Some hoplites must kill swordsmen and some swordsmen must also kill hoplites...

    They were both melee infantry and CA must disregard the "sword > spear" mechanic.

    CA must look into the unit itself and not the weapon they were using. Its unfair to say that men using spear always lose to those who are using swords.

    Exactly, here is a video I found on the subject: http://www.youtube.com/watch?v=H-6x8H9yI6c I hope this link works. The video proves the sword beats spear idea is complete nonsense. In fact, it's the opposite way around!
    Θουκυδίδης / Thucydides:

    "History is Philosophy teaching by examples."

    Πλούταρχος / Plutarch:

    "To be ignorant of the lives of the most celebrated men of antiquity is to continue in a state of childhood all our days."
  • jamreal18jamreal18 Senior Member Registered Users Posts: 12,909
    edited July 2014
    It must depend on who is using the weapon.

    Effectiveness of weapon depends how skilled the handler.
  • mk32usmcmk32usmc Senior Member Registered Users Posts: 147
    edited July 2014
    Well at this time period, hoplites or greek soldiers became very ineffective espiacally agaisnt roman troops. Once they lost their great leader, the greeks were useless in battle. So, CA did nicely in not making elite. They are basically a holding force, nothing more, nothing less.
  • ErminazErminaz Senior Member Las Vegas, Nevada, USARegistered Users Posts: 5,755
    edited July 2014
    MK32USMC wrote: »
    Well at this time period, hoplites or greek soldiers became very ineffective espiacally agaisnt roman troops. Once they lost their great leader, the greeks were useless in battle. So, CA did nicely in not making elite. They are basically a holding force, nothing more, nothing less.

    I take it you don't actually read history much. If that was the case why did Xanthippus' reforming of the Carthaginians into the Macedonian style bring victory over the Romans? Why did they lose to Pyrrhus? What about Hannibal? Your statement shows ignorance and an over simplification of history.

    Note: It should also be noted that 2 of the three people I listed were Hellenic, Pyrrhus of Epirus and Xanthippus was a Spartan Mercenary. All three of the men I listed where good Generals as well.
    Tacitus Quotes:
    Auferre, trucidare, rapere, falsis nominibus imperium; atque, ubi solitudinem faciunt, pacem appellant.
    They plunder, they slaughter, and they steal: this they falsely name Empire, and where they make a wasteland, they call it peace.

    Corruptissima re publica plurimae leges.
    The more numerous the laws, the more corrupt the government.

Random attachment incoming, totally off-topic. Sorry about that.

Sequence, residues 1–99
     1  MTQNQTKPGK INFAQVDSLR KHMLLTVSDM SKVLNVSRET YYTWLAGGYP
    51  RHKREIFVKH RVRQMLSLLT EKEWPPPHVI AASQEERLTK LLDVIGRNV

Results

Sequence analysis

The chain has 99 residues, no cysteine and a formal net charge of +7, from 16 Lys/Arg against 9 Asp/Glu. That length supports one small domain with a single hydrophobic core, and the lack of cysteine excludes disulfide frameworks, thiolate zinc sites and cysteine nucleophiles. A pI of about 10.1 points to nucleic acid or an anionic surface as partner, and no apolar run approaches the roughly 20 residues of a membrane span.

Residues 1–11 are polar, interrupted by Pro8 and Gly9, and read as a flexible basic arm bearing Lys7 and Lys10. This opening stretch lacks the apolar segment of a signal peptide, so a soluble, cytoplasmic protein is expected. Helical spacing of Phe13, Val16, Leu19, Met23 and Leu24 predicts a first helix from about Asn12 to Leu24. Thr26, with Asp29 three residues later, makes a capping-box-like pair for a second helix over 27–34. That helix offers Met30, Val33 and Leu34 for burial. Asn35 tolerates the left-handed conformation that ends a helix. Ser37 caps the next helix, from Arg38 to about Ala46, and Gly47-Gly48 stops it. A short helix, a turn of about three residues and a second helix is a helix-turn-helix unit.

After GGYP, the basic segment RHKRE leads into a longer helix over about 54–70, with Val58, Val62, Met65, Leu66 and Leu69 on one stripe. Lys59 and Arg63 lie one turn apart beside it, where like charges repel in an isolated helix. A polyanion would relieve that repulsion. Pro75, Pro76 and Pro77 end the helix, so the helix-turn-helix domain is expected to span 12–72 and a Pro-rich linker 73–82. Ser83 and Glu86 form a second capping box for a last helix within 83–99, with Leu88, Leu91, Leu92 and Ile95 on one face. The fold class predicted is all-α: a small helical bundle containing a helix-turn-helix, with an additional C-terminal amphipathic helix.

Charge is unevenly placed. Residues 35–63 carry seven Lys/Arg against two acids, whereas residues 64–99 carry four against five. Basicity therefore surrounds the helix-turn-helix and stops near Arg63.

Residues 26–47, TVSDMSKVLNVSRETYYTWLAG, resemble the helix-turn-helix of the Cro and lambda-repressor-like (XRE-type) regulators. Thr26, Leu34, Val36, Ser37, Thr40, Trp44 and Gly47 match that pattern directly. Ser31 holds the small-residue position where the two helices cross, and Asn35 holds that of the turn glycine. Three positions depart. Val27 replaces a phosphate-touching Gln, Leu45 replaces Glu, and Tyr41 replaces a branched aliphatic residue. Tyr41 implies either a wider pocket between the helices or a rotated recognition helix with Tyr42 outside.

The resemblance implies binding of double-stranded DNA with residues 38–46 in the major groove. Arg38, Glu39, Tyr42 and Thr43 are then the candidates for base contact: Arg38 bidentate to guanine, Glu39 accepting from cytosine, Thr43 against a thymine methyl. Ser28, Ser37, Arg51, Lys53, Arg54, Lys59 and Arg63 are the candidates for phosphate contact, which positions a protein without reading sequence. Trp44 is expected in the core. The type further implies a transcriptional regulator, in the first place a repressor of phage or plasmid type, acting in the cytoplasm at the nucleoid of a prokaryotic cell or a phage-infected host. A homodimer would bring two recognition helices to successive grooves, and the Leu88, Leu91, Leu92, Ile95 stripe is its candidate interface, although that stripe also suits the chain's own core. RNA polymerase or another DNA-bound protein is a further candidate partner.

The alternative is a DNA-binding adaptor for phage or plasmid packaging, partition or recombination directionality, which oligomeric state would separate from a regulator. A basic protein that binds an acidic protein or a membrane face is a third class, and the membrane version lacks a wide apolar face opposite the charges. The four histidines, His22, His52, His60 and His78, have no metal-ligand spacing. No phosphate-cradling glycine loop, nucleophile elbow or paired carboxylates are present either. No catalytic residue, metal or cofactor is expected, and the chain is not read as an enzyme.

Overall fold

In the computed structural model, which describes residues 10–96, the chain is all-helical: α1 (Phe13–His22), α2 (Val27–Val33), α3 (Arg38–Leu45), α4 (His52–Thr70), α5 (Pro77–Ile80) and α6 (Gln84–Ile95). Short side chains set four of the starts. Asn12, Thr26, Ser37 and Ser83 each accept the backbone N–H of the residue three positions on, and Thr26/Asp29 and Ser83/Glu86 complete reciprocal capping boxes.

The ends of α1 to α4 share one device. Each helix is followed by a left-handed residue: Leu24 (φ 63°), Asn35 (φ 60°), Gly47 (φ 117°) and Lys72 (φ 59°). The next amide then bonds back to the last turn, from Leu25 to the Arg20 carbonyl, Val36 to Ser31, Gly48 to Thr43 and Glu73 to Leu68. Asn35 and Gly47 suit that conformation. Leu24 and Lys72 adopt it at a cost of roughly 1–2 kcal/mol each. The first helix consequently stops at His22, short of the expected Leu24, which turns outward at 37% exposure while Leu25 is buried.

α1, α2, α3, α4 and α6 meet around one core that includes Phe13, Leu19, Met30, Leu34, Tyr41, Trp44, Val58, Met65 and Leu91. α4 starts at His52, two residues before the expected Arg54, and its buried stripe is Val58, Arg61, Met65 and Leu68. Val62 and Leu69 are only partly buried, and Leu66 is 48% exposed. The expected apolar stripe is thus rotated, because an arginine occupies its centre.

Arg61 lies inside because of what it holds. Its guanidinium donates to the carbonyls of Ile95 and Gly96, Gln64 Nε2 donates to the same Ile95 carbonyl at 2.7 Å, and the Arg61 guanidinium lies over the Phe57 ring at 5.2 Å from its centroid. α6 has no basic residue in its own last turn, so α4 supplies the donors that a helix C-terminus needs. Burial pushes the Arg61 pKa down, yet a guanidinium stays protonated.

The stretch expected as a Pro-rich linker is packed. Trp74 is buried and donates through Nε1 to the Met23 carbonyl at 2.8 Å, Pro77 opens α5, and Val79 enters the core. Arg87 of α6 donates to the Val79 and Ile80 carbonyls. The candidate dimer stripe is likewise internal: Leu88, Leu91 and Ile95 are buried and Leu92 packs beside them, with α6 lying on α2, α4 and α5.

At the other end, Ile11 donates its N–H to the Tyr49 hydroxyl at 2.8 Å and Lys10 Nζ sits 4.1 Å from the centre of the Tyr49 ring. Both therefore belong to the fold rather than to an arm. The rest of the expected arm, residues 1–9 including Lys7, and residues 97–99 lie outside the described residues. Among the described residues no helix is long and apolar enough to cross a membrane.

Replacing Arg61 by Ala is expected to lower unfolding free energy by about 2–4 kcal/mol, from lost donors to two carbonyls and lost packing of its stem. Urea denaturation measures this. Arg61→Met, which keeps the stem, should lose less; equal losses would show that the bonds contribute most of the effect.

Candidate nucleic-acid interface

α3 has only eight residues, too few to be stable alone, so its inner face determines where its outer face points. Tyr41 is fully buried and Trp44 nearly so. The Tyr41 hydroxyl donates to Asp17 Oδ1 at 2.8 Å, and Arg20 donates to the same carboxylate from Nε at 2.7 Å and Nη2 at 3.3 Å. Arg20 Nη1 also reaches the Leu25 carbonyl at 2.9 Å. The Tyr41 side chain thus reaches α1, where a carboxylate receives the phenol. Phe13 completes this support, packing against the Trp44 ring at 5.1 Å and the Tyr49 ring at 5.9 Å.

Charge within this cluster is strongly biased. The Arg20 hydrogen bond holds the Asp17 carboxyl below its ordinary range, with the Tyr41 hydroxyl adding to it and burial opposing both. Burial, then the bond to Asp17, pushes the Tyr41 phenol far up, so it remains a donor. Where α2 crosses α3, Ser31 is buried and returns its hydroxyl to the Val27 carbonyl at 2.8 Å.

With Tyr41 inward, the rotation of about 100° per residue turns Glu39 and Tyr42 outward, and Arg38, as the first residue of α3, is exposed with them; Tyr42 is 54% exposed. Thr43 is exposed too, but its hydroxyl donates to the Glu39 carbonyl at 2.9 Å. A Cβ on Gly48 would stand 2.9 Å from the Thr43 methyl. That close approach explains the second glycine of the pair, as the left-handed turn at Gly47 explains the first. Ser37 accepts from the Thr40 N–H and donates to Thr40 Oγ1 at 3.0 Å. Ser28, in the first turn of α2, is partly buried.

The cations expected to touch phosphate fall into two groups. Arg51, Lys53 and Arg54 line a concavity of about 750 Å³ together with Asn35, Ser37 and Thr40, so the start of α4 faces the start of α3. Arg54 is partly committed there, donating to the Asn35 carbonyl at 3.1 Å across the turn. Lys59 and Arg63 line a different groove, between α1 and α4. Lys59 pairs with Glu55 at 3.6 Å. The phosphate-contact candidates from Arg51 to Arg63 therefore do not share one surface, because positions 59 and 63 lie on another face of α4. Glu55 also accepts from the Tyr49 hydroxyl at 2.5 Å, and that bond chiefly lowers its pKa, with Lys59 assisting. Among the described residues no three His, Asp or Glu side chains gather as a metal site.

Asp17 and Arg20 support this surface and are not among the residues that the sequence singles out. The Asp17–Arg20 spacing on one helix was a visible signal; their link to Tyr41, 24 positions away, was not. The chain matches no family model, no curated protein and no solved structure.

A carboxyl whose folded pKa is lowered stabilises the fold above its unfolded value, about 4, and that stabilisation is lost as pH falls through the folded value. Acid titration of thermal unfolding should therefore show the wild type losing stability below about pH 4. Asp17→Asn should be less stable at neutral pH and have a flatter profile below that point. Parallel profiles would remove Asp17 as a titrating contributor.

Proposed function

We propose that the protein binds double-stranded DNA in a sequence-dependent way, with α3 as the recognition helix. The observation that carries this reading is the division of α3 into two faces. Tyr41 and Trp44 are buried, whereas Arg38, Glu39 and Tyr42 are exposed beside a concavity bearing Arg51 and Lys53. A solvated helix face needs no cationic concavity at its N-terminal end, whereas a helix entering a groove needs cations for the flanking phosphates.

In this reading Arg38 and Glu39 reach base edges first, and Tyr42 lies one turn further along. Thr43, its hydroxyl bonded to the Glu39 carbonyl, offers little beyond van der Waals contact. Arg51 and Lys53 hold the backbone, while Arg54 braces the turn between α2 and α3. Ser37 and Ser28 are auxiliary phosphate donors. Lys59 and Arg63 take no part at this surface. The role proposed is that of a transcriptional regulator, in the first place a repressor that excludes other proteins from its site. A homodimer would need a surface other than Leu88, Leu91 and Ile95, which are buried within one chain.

I found Rome a city of filth covered marble and left it a pile of rubble. - Me
  • mk32usmcmk32usmc Senior Member Registered Users Posts: 147
    edited July 2014
    Erminaz wrote: »
    I take it you don't actually read history much. If that was the case why did Xanthippus' reforming of the Carthaginians into the Macedonian style bring victory over the Romans? Why did they lose to Pyrrhus? What about Hannibal? Your statement shows ignorance and an over simplification of history.

    Note: It should also be noted that 2 of the three people I listed were Hellenic, Pyrrhus of Epirus and Xanthippus was a Spartan Mercenary. All three of the men I listed where good Generals as well.
    Dude plz i know alot about history. How many examples r u giving me? 3, 4 Wow! thats alot dude. Xanthippus had a massive advantage in cav force and had around 100 elephants, thus having the clear advantage but who won the punic wars? Rome.
    Next. The battles against Pyrrhus were won by the romans, he had 1 victory the rest he lost. Battle of Beneventum was won by rome.
    Next. Hannibal mainly used mercenaries of iberia not hoplites, so nice try. Yes Hannibal may have won a few times against Rome but who won the main battles when everything counted? Rome for example the Battle of Zama. Who won the war? Rome. So plz check ur sources. Nothing could have stopped Rome.
    Look up at the macedonian wars. In the battle of Pydna, Macedon had 44,000 soldiers against 29,000 roman forces. Macedon lost around 25,000 soldiers while rome lost around 1,000 soldiers. How so? The greeks fought in their usual formation but still lost that many men? Impossible u say but we all know Roman soldiers were possibly the best foot soldiers of the ancient world asides possibly the knights of medievel ages.
    Almost all wars and battles against Rome resulted in defeats for greeks.
    Battle of the Nile, for example, the egyptians (greeks at that time) fought in the greek style, the phalanx. Both had around 20, 000 soldiers. Who won? Caeser enjoyed a decisive victory. Just a few examples I can think of right now.